5. dwb says:

    Graph # 1 is extremely important, but not for the reason mentioned here.

    % of time spent at full employment from 1980-2014: 30%

    The real story here, again, is the Fed, which actively sought to disinflate the economy. Since 1998 we have had two major recessions even though inflation barely budged. On average monetary policy has been too tight.

    The trade deficit is just a reflection of the fact that on average we have been importing unemployment to combat inflation. The way to combat this is for the Fed to get in gear. Currency “manipulators” will be forced to choose between importing inflation, or adjusting the exchange rate.

    On the other hand, if you think that perhaps we are in a permanent regime where we fear even the shadow of 1.999% inflation, then I think you are sort of on the right track with the “making it easier to work less” meme.

    The real issue here is labor (and resource) productivity. We need to make it less expensive to educate and house people (less expensive in terms of labor/land resources, not $$), so that the same $ stretches farther. I also would include reform in infrastructure to make it less costly to build (we are vastly more expensive than our peers here). Nobody wants a road (or metro line) in their neighborhood , nobody wants a dense housing development. So we endlessly review and restrict development looking for obscure crustaceans. Time is money. When things take less time, they cost less, and people can work less too.

    • Smith says:

      I thought the real issue actually is the annual gains in productivity (1 to 2%) are all accruing to the 1% and .1% instead being shared with workers. I do contend that GDP is inflated and productivity gains of recent times are somewhat illusionary, but that is a separate issue.

      • dwb says:

        You cannot make a claim that “productivity gains of recent times are somewhat illusionary” then simultaneously claim that the top 1% are accruing all these illusory gains!

        It’s very hard to disentangle the distributional and generational effects of underemployment and disinflation from other things. Unexpected disinflation benefits the holders of financial assets with little default risk (like Treasury bonds). Inflation is just a tax on savings, disinflation lowers the tax. What would the world look like if we spent most of the time at full employment? I’d like to find out!

        The flip side of the productivity question is: Are the living standards of people in the lower two fifths of the income bracket higher than they were in 1980? The intellectually honest answer is that they are – goods and services are significantly higher quality now than in 1980. Would anyone really take a time machine and go back to 1980? I highly doubt it.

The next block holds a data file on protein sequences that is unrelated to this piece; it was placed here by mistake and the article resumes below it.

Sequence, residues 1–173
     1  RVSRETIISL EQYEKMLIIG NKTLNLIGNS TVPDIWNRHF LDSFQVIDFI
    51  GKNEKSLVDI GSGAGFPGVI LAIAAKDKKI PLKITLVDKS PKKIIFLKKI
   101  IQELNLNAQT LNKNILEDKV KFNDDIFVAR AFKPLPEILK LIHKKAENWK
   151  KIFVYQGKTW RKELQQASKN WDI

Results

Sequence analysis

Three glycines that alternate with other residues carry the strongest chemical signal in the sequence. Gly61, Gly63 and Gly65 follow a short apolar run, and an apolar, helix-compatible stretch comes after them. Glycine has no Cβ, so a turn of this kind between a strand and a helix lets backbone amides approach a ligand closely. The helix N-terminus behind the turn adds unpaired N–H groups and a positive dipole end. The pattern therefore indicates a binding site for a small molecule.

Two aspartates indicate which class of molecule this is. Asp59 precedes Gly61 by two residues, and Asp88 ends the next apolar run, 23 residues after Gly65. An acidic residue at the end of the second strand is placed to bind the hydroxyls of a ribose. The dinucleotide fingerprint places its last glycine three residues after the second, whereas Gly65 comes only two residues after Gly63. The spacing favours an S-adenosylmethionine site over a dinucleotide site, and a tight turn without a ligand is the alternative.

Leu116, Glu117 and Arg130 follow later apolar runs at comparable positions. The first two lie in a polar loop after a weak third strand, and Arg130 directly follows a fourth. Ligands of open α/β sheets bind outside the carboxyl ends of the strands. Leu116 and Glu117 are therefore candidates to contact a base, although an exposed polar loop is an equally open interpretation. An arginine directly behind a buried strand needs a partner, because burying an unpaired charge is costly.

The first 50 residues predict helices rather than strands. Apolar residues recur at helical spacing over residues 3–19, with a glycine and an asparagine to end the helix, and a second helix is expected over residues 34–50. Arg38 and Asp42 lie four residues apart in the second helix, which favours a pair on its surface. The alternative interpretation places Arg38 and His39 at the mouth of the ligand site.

• Smith says:

          “You cannot make a claim that …” Obviously I can and did.
          It should win a Nobel Prize (if it was true). GDP is inflated due to overvaluation of the production of intangible items (we live in a service economy).

          Whether the new app produced by company A is really worth $1 million dollars, which the non-inflated GDPers would claim, or is in fact the emperors and 1%’s new clothes, and of dubious value to anyone, doesn’t mean all of Company A’s profits can’t go to the 1%. Inflated GDP and rising inequality are hardly exclusionary. Each helps the other in a dialectic, a spiral, a dance in the gallery of consulting and marketing, the art worldization of macro.

          • dwb says:

            You are right, we are in a service economy, and I can put any price tag on services and new apps I want.

            But, I can also do that for luxury goods. Is the $86 million $ 196-foot J’Ade CRN Superyacht really “worth” $86 million? It is to someone. Does that make GDP “inflated” ?

            You argument that GDP is “inflated” sounds to me as though you are arguing that the existence of vleben goods (A vleben good is one whose utility is proportional to the price one pays, because it conveys status) inflates GDP.

            1- that’s a value judgement economics does not make; An $86 million yacht goes into GDP at $86 million regardless of the dubious value of the yacht.
            2- we measure GDP two ways: GDP, and GDI. The expenditure counts goods, the incomes approach counts essentially value-added (incomes to various resources). The amount spent on goods should equal (roughly) the cost/incomes to the various factors of production. Generally GDP and GDI are pretty close, but there is some discrepancy and measurement error.

            The flip side of the $1 million app is the cost to produce it. The flip side of the $1 million app- assuming someone actually pays $1 million – is the cost to develop it (most of which are payments to developers as income). Whatever is left over is profit.

            If “profits” are abnormally high, who is paying $1 million for this app? Why are companies (or people) buying the $1 million app and not the functionally equivalent $950,000 app? Businesses are not charities, they do not throw money away.

            If you think that there is too much profit, the real question you should be asking about the $1 milllion app is why. Are there monopoly profits accruing to Company A?

            If your argument boils down to: GDP is “inflated” by monopoly profits, which lower productivity I would 100% agree with the spirit of the point. GDP is not inflated per se – it is what it is – but companies (particularly software and pharmaceutical companies companies) certainly try to engineer small niche monopolies to boost profits. Often they are aided and abetted by intellectual property law.